Supercooled Martinis
Supercooled Martinis

Supercooled Martinis

Words by Simon Difford

There is much debate as to the ideal ratio of vermouth to gin in a dry Martini but there is uniform agreement that a very cold serving temperature is essential. Enter a technique called Supercooling (or Undercooling) pioneered by Giancarlo Mancino of Mancino vermouth fame.

Supercooled water is water that is on the very edge of freezing, held at a temperature just above its freezing point. This is poured into a frozen glass over a frozen olive. The very olive causes the water to freeze instantly on contact so as the water is slowly poured it forms a stalagmite which rises from the base of the glass. Vermouth is then atomised over the drink and frozen gin poured. The speared olive is used to stir the drink which is finished with a spray of orange zest oils. The result being a Supercooled Dry Martini with all the theatre, but without the risks, associated with liquid nitrogen Martinis.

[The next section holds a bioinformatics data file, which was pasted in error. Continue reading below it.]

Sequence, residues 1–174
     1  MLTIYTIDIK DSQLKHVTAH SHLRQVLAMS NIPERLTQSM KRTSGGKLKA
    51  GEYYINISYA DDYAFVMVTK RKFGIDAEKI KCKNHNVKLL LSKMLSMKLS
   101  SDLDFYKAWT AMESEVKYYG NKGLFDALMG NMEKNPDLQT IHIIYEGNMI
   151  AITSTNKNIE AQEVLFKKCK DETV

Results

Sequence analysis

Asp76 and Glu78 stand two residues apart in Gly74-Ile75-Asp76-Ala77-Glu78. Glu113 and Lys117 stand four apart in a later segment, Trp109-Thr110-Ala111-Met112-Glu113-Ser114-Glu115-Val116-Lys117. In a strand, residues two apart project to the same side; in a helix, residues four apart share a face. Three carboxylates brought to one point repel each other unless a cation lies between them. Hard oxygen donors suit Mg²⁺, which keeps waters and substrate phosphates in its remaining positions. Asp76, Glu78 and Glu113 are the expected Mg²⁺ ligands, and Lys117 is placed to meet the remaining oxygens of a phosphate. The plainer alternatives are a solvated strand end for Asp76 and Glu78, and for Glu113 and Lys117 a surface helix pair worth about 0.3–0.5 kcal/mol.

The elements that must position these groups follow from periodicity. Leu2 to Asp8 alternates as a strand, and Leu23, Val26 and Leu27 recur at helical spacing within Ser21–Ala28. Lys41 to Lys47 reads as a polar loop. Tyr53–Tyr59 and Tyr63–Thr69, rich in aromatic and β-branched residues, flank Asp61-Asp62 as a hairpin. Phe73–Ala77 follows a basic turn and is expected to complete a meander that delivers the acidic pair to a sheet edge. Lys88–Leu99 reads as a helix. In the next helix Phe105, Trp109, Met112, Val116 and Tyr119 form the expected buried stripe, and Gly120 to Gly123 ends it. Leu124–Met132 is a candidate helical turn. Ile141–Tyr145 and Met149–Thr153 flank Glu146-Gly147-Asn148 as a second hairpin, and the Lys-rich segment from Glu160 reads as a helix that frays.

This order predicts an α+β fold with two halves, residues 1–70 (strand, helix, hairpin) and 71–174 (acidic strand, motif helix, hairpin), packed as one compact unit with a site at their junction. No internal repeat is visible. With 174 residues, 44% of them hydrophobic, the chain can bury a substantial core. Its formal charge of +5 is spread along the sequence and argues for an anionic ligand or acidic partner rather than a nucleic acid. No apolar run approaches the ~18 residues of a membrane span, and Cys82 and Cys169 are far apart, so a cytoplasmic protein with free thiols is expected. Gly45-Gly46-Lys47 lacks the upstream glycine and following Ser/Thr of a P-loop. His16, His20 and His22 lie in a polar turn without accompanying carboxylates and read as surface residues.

The science behind this revolves around the purity of the water and holding it at a temperature that is fractionally above its freezing point. Turing water into ice, a very different structure which is 8% less dense, requires cooling to a temperate below 0°C and the purer the water, so the colder that temperature as freezing water molecules form around these impurities. Hence, fewer impurities make it more difficult for ice to form. Liquids are unstable at temperatures below their freezing point and putting such a supercooled liquid in contact with something colder will instantly force them to freeze – sometimes called “snap freezing”.

Giancarlo uses a purpose made refrigerator, Supercooling Magic, available from Barcelona based Fujisakura to supercool the water he uses and hold it at the perfect temperature. However, with some trial and error, you can achieve the same result with a standard freezer.

Fill a plastic bottle with filtered or distilled water and place this in a chest freezer alongside another bottle filled with tap water. Due to the impurities in the tap water, this should freeze just before the filtered water. With constant checking and a lot of patience, you should be able to judge the moment when the tap water is frozen but your filtered water is in a supercooled liquid state. Or, invest in a Supercooling Magic refrigerator.

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